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Multivariate analysis (MVA) is based on the statistical principle of multivariate statistics, which involves observation and analysis of more than one statistical outcome variable at a time. In design and analysis, the technique is used to perform trade studies across multiple dimensions while taking into account the effects of all variables on the responses of interest.
Uses for multivariate analysis include:
Multivariate analysis can be complicated by the desire to include physics-based analysis to calculate the effects of variables for a hierarchical "system-of-systems". Often, studies that wish to use multivariate analysis are stalled by the dimensionality of the problem. These concerns are often eased through the use of surrogate models, highly accurate approximations of the physics-based code. Since surrogate models take the form of an equation, they can be evaluated very quickly. This becomes an enabler for large-scale MVA studies: while a Monte Carlo simulation across the design space is difficult with physics-based codes, it becomes trivial when evaluating surrogate models, which often take the form of response-surface equations.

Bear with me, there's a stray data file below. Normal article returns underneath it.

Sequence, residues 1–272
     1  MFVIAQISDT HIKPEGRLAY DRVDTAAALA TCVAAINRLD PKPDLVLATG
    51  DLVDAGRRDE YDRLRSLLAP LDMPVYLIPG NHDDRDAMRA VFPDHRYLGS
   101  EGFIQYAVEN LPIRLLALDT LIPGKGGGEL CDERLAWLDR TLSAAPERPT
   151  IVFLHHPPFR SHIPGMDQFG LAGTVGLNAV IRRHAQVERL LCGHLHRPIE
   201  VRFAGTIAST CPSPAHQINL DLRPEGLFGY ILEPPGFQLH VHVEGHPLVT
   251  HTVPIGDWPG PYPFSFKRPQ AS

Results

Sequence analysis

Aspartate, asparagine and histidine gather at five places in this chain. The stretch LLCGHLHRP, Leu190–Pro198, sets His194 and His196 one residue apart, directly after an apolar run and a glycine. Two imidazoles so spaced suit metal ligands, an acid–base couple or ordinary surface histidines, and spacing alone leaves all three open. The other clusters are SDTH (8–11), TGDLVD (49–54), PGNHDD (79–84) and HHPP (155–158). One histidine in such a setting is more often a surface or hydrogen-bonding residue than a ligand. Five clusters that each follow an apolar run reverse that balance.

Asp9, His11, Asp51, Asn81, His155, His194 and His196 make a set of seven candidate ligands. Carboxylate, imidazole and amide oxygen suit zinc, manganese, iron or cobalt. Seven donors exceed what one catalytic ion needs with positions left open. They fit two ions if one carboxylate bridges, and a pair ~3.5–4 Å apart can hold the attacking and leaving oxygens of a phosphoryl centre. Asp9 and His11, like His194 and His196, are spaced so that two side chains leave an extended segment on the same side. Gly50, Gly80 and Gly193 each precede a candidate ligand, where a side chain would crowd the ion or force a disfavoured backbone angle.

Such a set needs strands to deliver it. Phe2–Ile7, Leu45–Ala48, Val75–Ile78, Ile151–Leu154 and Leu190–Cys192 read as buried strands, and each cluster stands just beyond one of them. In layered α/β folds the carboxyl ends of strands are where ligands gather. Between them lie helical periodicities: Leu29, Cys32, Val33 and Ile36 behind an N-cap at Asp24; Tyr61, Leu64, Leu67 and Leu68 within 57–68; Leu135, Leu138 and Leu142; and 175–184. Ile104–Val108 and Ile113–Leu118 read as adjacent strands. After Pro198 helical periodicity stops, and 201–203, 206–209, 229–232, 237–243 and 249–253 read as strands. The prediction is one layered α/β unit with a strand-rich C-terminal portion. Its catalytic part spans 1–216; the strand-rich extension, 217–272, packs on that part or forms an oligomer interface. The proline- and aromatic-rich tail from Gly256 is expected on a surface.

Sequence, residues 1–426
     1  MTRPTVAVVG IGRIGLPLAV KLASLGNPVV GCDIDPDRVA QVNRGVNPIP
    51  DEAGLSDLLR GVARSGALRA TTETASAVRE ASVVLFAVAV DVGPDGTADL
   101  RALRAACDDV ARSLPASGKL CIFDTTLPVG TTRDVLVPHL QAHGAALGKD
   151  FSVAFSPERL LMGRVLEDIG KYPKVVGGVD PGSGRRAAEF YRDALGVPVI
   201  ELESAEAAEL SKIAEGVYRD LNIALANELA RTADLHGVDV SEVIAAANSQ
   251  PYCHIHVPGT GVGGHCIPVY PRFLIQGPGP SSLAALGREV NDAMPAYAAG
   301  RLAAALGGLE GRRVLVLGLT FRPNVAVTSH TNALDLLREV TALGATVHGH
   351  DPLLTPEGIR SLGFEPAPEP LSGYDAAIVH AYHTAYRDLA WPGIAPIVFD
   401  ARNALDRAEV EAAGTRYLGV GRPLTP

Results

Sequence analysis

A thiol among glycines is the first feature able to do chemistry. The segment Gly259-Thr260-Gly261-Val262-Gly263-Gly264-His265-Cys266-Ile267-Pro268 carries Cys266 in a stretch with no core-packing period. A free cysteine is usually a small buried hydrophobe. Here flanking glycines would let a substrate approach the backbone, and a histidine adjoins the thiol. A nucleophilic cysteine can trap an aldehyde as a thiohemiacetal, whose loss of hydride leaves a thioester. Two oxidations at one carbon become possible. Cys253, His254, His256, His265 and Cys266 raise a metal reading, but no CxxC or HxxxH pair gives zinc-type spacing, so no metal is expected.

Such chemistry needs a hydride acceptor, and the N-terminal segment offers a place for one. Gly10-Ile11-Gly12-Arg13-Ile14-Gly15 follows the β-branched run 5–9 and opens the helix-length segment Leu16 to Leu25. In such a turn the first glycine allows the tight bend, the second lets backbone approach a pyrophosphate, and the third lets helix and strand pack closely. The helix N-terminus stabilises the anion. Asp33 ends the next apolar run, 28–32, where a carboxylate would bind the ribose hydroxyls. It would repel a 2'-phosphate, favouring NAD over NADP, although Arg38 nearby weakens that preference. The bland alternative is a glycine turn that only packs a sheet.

Overview: Factor analysis is used to uncover the latent structure (dimensions) of a set of variables. It reduces attribute space from a larger number of variables to a smaller number of factors. Factor analysis originated in the 20th century with Charles Spearman's attempts to show that a wide variety of mental tests could be explained by a single, underlying intelligence factor.
Factor analysis is part of the general linear model (GLM) family of procedures and makes many of the same assumptions as multiple regression, but it uses multiple outcomes.
Anderson's 1958 textbook, An Introduction to Multivariate Analysis, educated a generation of theorists and applied statisticians; Anderson's book emphasizes hypothesis testing via likelihood ratio tests and the properties of power functions: Admissibility, unbiasedness and monotonicity.
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